Let’s get one thing straight: Quakers are not Amish, Amish are not Quaker, Amish are usually Pennsylvania Dutch, and Pennsylvania Dutch are sometimes Amish. Got it? Nothing irritates a member of one of these groups more than when the three terms are used interchangeably: If you stop by a Quaker meetinghouse (like the Arch Street Friends Meeting House), for example, and ask why nobody is wearing black hats or bonnets, you will be thoroughly laughed at. If you walk up to an Amish vendor in the Reading Terminal Market (where many of them sell farm-fresh food) and inquire about shaking in the presence of God, you’ll get some very confused looks. And if you ask a descendant of the Pennsylvania Dutch why he or she is not in a horse and buggy, you’ll probably be summarily dismissed. So who are all these people, and what are the differences between them?
The term Pennsylvania Dutch refers to descendants of German settlers of Pennsylvania (the German word for German is Deutsche, which is probably why others picked up the word Dutch). The Pennsylvania Dutch do have their own language — a derivation of German — but that language is virtually extinct at this point, and modern Pennsylvania Dutch are indistinguishable from other modern Americans. Pennsylvania Dutch are a variety of religions, including Lutheran, Mennonite, Baptist, Amish (yes, that’s a religion — more on that in a minute). The Pennsylvania Dutch are similar to any other ethnic group whose relatives came in the 18th century…They may have some lasting cultural traditions (certain foods, for instance), but they are in other ways much like any other Americans.
The Amish (at least the Old Order ones, which is who most people think of when they think of the Amish) do very much stand out from other ethnic and religious groups in the U.S. Amish is a Protestant religion (a particular denomination of Mennonite, actually), and most Amish are actually Pennsylvania Dutch — meaning (as you now know) they are descended from Pennsylvania Germans and spoke that particular dialect of German. What makes the Amish stand out is that the rules of their church prohibit many modern conveniences, including electricity and more modern technologies. They still drive horses and buggies (they will get in a car if necessary, but only if somebody else is driving); they wear old-fashioned dresses and overalls with bonnets and black hats; they value farm labor and de-emphasize education. They are very much an insular community, as marriage outside of the church is forbidden. Your child’s college roommate will most likely not be Amish, though there’s a chance he or she will be Pennsylvania Dutch — or Quaker, for that matter. Oh, and the Amish don’t like to have their pictures taken, so please don’t run up to them, mouth agape, snapping photos.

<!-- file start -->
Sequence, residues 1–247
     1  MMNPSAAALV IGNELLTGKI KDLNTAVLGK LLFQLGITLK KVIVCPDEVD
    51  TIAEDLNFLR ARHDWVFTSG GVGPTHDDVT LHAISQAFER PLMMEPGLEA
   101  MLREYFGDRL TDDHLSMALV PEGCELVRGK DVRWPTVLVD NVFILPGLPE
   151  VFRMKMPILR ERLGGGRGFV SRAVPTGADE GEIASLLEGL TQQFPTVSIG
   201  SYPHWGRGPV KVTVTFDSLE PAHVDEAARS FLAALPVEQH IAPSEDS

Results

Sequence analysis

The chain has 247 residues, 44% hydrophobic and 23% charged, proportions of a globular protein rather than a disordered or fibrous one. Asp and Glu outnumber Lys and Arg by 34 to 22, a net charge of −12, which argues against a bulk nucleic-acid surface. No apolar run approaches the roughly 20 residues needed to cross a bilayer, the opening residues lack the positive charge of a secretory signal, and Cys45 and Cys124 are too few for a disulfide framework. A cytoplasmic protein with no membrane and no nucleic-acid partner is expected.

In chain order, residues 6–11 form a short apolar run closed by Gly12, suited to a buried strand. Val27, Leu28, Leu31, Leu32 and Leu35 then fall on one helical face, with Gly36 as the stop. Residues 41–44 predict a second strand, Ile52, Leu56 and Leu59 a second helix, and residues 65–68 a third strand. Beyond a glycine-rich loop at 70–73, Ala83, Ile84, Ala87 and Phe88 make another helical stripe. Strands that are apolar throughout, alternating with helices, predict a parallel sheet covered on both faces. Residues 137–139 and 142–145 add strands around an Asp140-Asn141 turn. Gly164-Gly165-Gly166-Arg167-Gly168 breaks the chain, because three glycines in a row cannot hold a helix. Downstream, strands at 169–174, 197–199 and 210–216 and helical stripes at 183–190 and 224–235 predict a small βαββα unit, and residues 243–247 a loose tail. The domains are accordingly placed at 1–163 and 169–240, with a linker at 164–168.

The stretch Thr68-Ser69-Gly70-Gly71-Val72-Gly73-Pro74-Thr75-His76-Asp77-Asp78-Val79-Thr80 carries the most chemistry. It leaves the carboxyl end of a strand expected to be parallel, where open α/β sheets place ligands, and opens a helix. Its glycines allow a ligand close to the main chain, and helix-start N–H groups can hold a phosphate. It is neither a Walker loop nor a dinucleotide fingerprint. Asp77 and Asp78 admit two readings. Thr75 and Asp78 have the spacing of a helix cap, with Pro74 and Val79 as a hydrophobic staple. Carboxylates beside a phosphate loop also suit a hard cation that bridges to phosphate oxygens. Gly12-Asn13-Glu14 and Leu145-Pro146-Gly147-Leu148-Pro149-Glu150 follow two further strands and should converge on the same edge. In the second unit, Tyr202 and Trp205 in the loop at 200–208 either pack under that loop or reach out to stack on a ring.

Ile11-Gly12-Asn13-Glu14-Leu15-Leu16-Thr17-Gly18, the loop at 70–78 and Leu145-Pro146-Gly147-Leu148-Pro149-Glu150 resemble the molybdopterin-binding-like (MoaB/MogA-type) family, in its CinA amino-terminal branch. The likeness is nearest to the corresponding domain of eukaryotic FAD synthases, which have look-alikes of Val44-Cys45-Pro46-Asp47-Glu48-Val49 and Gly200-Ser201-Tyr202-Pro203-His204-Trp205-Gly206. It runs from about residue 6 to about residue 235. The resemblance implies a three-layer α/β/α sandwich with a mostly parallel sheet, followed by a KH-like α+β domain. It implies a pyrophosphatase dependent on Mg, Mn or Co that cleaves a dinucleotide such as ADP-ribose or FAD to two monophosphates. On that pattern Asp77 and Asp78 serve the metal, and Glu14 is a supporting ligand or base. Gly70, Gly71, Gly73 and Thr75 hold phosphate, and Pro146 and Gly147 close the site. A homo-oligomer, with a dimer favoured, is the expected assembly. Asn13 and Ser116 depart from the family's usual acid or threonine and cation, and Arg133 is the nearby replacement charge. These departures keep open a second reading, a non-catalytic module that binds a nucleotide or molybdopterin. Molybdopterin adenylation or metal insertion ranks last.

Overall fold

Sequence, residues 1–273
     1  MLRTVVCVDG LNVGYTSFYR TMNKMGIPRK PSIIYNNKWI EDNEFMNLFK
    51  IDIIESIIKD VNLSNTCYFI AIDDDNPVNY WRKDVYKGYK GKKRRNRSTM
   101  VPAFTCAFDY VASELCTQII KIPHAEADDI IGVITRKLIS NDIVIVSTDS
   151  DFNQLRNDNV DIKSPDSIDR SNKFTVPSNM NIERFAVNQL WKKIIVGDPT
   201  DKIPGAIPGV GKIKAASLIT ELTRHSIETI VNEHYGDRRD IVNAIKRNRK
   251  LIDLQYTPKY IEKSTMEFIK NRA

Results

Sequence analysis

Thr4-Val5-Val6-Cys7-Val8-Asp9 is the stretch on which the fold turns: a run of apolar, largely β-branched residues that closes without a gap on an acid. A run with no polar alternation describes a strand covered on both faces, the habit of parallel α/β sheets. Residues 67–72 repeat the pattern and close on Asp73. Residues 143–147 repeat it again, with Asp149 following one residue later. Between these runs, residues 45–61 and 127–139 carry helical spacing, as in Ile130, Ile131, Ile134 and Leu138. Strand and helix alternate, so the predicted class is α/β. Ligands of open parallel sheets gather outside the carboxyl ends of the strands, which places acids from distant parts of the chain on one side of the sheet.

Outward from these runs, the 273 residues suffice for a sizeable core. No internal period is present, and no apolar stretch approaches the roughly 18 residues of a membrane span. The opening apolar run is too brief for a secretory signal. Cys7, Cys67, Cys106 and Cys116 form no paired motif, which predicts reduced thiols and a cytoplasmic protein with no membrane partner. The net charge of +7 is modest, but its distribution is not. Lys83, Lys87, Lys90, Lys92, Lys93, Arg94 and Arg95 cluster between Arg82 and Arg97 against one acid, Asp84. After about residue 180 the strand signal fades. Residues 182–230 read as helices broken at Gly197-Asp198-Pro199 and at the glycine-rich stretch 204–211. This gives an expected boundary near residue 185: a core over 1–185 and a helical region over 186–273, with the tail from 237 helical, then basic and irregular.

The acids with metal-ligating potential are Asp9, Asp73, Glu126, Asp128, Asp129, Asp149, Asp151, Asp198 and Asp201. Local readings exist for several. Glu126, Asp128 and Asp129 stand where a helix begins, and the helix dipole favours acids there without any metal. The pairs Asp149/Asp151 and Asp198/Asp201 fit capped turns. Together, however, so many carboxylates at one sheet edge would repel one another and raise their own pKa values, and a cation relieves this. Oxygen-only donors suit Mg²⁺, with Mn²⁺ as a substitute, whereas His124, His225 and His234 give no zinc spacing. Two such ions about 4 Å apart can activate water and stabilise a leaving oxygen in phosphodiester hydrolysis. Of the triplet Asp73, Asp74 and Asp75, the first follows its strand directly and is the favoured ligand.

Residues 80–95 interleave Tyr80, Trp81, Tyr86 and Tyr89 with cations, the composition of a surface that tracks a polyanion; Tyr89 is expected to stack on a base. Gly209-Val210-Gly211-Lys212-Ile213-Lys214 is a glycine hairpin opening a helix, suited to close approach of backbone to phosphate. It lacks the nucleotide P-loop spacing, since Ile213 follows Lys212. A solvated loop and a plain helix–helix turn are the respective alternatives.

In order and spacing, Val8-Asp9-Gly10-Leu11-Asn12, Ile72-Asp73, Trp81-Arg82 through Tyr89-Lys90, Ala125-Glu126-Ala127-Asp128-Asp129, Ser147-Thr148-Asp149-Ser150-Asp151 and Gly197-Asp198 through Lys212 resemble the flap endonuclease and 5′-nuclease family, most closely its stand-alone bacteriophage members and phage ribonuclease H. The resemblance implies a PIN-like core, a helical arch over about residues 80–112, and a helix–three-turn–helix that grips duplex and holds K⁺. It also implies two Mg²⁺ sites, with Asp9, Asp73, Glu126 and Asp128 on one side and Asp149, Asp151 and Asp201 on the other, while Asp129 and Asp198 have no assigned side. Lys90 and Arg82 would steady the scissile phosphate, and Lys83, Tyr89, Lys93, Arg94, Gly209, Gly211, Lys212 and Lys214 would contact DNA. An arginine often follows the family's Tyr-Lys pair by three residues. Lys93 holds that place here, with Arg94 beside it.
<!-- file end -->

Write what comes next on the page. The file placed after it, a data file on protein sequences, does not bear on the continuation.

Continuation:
Quakers have nothing to do with either of these two other groups. Well, okay, Quakerism is a religion, and Quakers came to North America in the 18th century (and earlier), but that’s where the similarities end. Quakers are Protestant; they are one of the many religious sects that emigrated from England searching for religious freedom. Quakers are unusual among Christians in that they worship without any form of priest or pastor. They believe that anyone can communicate with God or be in touch with “that of God within himself,” hence Meeting for Worship consists of sitting in silence together, with individuals speaking when they feel moved to. Quakers are pacifists and believe in simplicity and humility, so their places of worship are quite plain. While Quakers did once dress in simple, old-fashioned clothing, they long ago abandoned those outfits. In short, much like the Pennsylvania Dutch, Quakers are indistinguishable (on the outside) from other Americans. You might be sitting next to one right now.
How did these three different terms come to be confused? You’ve got me. It’s probably because they all live in eastern Pennsylvania. Lancaster has enclaves of Amish, and the Pennsylvania Dutch stretch across much of eastern and central Pennsylvania. Quakers were Pennsylvania’s earliest settlers (William Penn converted to Quakerism, much to his father’s dismay), and Quaker schools offer some of the best educations in Philadelphia. But beyond their geographical proximity, these three groups are quite different, and one of the best ways to seem like a real Philadelphian is to not get them confused.